two scientists and instruments

Setting the timers for collection of hydrocarbon or volatile organic compound (VOC) samples at the Roosevelt site. Photo by Randy Martin.

Feb. 18, by Dr. Randy Martin, Utah State University. Dr. Gabrielle Patron’s description of the wintertime ozone study in the Utah’s Uintah Basin have detailed the goals and some of the measurements that have been conducted by NOAA, CIRES, and cooperating investigators, and it is my pleasure to describe some of the work that the Utah State University (USU), USU Energy Dynamics Laboratory, and the Utah Division of Air Quality have brought to the study.  Our group is responsible for two tasks within the overall study: 1) set up and maintenance of about two dozen ozone monitors distributed throughout the entire Uintah Basin and 2) establishing long-term air quality monitoring stations at Horse Pool – the production field site of most of the NOAA and CIRES studies at Roosevelt and one of the main population centers within the Basin.

The distributed ozone sites are designed define the spread and extent of the ozone pollution within the air shed and serve to validate a similar study, but more limited, which we conducted last year.  We have also added week-long exposure samplers at some of the distributed sites to get a general idea of the distribution of the so-called “precursor” species which lead to ozone formation, namely oxides of nitrogen (NOx) and volatile organic compounds (VOCs).  The long term Horse Pool and Roosevelt sites, at which we monitor many of the same parameters as the NOAA and CIRES investigators, will operate well past the February focus of the bulk of the larger study, and are planned to keep collecting data for the next two or three years to examine longer-term trends and season-to-season visibilities.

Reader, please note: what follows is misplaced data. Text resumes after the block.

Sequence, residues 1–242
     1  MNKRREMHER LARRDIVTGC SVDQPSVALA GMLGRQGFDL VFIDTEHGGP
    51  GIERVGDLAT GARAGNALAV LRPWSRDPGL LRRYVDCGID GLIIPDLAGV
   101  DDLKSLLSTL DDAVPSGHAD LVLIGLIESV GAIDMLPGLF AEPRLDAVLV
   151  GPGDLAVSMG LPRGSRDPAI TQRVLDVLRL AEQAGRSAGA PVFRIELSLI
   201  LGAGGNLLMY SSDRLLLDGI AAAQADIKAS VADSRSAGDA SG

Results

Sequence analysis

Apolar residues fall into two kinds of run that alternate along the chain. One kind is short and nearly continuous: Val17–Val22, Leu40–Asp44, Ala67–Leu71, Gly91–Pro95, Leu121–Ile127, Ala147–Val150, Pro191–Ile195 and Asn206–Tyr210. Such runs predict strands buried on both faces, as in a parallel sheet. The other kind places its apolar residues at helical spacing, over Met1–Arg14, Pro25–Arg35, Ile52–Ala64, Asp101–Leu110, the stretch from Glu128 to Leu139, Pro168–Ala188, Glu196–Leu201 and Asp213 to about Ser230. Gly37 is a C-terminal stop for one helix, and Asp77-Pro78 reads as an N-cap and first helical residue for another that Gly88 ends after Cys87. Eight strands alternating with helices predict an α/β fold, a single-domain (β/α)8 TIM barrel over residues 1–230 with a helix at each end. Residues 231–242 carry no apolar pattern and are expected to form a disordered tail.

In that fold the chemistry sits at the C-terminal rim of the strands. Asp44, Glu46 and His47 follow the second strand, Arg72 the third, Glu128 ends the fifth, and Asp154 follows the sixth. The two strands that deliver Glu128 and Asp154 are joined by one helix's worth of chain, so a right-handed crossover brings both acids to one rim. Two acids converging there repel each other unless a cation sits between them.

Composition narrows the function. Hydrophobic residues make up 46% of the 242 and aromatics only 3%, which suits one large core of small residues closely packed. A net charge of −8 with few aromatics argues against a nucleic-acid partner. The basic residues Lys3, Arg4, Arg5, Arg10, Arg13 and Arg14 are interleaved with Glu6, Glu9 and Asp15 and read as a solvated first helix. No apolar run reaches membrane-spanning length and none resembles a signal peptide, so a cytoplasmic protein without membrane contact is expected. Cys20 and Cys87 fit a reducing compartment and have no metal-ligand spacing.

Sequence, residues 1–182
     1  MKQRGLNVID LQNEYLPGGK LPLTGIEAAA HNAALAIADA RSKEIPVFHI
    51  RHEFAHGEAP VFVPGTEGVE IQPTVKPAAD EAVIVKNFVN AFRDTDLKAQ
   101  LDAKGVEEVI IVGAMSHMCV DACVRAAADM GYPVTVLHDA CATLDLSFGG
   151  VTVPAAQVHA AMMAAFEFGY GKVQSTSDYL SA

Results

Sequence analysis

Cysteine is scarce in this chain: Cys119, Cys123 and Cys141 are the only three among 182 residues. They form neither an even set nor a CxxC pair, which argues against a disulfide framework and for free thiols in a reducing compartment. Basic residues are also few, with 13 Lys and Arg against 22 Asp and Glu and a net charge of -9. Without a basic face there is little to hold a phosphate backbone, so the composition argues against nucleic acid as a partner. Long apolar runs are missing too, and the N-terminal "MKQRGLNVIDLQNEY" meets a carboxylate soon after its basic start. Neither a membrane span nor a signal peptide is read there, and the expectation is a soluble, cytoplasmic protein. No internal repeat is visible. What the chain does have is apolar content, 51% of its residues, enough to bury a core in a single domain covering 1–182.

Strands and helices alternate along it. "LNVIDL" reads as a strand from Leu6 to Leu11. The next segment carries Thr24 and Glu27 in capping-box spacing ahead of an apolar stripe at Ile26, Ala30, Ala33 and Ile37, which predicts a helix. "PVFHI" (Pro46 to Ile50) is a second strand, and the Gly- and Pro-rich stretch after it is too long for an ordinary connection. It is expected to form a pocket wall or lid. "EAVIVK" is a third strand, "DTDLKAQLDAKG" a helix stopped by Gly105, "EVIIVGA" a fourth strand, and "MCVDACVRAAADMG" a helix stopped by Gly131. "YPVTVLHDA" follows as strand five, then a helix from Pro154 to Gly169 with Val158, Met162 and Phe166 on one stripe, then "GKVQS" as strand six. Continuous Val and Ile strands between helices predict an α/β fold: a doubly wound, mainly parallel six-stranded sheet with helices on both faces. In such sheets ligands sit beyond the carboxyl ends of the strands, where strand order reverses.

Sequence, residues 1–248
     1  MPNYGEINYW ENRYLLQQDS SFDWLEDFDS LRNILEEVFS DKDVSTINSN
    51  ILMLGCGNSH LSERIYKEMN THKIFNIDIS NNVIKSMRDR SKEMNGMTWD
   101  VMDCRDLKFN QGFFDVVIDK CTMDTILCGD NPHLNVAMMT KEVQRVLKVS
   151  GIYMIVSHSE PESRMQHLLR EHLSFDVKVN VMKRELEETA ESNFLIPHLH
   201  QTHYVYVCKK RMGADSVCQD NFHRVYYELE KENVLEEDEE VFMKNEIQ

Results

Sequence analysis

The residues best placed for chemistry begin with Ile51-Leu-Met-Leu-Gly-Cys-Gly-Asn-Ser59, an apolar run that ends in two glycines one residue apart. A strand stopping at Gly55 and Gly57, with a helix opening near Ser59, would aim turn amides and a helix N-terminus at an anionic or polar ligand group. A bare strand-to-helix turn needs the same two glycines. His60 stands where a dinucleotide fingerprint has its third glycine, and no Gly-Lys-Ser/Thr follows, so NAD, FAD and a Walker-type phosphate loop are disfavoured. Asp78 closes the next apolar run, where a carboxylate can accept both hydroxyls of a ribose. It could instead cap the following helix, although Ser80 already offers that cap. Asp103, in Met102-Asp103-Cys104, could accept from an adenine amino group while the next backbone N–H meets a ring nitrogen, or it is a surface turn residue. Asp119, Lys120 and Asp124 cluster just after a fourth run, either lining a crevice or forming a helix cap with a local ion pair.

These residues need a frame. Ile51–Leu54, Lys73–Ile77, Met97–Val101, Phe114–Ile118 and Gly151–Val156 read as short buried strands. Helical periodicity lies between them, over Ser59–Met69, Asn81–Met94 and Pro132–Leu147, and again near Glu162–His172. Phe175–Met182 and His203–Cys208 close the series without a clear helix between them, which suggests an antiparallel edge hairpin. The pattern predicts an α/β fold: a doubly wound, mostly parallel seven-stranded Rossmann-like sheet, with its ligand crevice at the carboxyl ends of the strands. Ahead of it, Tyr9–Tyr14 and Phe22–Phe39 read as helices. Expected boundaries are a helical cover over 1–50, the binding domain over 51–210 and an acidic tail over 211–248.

Even though the “wintertime” study this year has been short on winter, many of the investigators have uncovered fascinating, interesting, and sometimes unexpected findings about the air quality and meteorology of the Uintah Basin.  Additionally, it has given us investigators the amazing opportunity to work on a very unique air quality issue in an interesting outdoor setting with an incredible variety of extremely intelligent and entertaining collaborators.

prairie dog with oil / gas equipment in background

Prairie dog, photo by Randy Martin.


Bobcat, photo by Randy Martin